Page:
I guess that the point I want to bring up here is that the topics of judgement—as in final judgement—and wickedness may be two slightly different topics. Let me elaborate: are the criteria by which God will finally judge our hearts the same as the criteria by which His standards and commandments are measured? The answer is actually yes, so far as one is aware of the criteria. This means that though a man may not be held accountable for the laws he did not receive in his life, those laws still exist to define happiness and wickedness; and wickedness never was happiness.

With this understanding, a society of murderers that raises little murderers is truly a wicked society if murder is a sin, but at the judgement bar they will not be judged for that wickedness like those who knew murder was sin. In this assassin society’s case, the greatest condemnation will be heaped upon the heads of those who started the society since they made the decision to break away from a standard of righteousness (assuming they were exposed to such, as these kinds of societies often are [again, this kind of thing is in The Book of Mormon]).

But there’s a another issue at hand:

When the judgement is passed and the time to return to God’s presence has come, will the society of murderers feel very comfortable in the Celestial Kingdom, where no unclean thing can bear to remain? Not unless they repent—and I don’t mean in an accountability kind of way, but in a change of heart kind of way. This re-emphasizes the need to be taught God’s principles and laws during this life when it is easiest to prepare for the lifestyle of Heaven (you can repent after this life, but it is much harder to do without your body as it turns out).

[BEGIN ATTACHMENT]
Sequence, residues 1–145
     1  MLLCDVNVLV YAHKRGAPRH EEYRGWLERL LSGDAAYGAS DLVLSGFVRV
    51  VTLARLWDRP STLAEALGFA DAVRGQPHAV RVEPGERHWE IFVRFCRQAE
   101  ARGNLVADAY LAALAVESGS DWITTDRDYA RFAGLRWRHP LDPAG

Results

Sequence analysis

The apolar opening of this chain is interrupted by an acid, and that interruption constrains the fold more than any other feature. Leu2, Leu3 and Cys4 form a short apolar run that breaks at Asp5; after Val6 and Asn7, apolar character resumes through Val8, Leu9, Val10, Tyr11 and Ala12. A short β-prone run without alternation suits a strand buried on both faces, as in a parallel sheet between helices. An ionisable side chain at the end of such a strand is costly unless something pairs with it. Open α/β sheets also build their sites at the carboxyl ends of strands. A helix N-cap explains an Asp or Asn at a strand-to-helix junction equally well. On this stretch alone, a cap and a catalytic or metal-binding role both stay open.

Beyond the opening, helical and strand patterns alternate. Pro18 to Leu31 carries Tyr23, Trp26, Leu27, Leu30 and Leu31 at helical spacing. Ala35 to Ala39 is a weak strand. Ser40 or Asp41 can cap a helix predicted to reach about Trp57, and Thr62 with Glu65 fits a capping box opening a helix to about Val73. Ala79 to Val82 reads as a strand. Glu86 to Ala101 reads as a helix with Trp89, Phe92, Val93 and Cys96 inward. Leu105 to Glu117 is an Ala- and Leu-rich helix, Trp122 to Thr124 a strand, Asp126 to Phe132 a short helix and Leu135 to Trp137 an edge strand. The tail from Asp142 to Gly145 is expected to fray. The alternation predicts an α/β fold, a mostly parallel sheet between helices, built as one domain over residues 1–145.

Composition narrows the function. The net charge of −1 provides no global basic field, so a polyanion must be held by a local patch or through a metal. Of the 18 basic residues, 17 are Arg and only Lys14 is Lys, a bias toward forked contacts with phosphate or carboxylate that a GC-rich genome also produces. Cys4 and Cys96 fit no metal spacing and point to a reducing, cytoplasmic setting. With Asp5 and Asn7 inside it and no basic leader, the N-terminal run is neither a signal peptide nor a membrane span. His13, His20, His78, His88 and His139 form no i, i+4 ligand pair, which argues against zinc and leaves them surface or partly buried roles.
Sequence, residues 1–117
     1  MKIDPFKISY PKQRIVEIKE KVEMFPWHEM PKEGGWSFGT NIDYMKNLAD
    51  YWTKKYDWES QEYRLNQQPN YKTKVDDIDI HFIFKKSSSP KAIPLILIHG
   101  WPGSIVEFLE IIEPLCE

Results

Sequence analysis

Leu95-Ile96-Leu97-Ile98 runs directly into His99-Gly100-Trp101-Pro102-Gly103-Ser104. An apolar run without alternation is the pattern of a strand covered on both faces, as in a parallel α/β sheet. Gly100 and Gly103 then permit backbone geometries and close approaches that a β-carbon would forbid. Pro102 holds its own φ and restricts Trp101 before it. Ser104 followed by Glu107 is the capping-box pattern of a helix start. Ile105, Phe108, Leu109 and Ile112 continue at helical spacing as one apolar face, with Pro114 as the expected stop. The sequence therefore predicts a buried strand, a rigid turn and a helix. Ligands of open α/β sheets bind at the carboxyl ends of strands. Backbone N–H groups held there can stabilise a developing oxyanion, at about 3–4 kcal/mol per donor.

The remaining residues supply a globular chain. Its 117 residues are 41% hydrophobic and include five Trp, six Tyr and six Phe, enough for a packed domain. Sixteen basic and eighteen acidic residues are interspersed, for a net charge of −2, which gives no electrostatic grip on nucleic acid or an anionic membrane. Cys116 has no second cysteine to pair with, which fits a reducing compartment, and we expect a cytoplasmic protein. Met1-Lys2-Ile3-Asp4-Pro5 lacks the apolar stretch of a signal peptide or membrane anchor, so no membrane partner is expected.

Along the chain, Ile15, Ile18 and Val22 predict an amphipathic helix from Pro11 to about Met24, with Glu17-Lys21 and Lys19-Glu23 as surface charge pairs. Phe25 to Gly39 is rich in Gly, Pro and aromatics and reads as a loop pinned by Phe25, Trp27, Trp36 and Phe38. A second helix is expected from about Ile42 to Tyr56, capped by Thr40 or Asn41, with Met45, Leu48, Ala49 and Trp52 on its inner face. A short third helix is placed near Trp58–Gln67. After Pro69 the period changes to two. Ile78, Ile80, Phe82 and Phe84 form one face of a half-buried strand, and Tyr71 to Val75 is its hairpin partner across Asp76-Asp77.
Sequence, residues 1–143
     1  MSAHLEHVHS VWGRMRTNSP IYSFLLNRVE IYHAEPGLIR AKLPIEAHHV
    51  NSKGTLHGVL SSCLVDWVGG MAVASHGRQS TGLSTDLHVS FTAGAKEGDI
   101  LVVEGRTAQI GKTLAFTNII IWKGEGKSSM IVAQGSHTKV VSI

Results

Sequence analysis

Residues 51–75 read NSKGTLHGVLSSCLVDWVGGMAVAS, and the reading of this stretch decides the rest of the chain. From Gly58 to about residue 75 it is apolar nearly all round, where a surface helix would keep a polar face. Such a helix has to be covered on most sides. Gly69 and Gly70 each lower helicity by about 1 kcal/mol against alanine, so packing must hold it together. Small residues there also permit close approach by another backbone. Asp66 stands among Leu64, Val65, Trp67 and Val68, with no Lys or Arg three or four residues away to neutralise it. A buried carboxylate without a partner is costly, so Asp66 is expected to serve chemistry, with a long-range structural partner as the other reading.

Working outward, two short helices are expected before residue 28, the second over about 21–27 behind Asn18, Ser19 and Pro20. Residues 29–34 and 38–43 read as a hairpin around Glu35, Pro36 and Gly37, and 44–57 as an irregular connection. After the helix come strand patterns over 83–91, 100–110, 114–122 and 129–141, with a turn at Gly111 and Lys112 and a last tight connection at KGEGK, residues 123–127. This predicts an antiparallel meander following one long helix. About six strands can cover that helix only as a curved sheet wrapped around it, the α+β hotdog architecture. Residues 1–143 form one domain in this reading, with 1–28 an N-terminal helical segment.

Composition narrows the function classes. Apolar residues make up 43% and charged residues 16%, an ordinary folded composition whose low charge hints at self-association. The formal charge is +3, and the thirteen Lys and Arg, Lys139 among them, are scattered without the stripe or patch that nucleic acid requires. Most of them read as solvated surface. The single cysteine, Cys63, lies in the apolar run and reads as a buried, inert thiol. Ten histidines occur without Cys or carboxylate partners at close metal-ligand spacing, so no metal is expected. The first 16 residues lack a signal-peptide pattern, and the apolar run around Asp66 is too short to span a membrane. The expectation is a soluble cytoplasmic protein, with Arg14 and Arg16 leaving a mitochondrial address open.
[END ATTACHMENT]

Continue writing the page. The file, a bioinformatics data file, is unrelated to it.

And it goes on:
The subject here then becomes one of paradisiacal culture shock. A quote from the famous writer C. S. Lewis may serve to explain this idea further:

“We are half-hearted creatures, fooling about with drink and sex and ambition when infinite joy is offered us, like an ignorant child who wants to go on making mud pies in a slum because he cannot imagine what is meant by the offer of a holiday at the sea. We are far too easily pleased.”

It is easier to be lustful and appetite-satisfying than it is to reign in those passions. Those passions are part of what makes our bodies powerful tools to the soul, when harnessed appropriately. As I wrote to you a while ago, part of what separated us before this life, as spirit children, from our Heavenly Father was the fact that He had a body and we did not. He has perfect control of His body, and if we are to have the ‘infinite joy’ He experiences, we are required to learn how to control our bodies like He does.

Unfortunately, God’s enemy, the devil, knows all too well what we are capable of experiencing, and he seeks (as he has ever sought) to use the tool of our very exaltation to bring about our damnation. Simply put, his strategy is to keep us out of Celestial glory by getting us to let loose of the reigns of the body, to go from being ‘half-hearted creatures’ to full-hearted wild beasts. The devil’s secret weapon is the fact that he can easily confuse us to recognize all pleasure as happiness. This is Hollywood’s message: letting loose the reigns feels good; wickedness is happiness.

“… Very much of what we take for granted about our human nature is actually learned from those around us. If those around us are teaching us that typically taboo things are not just okay but even encouraged, it would be almost certain that we would not have any inner-turmoil over doing those things.”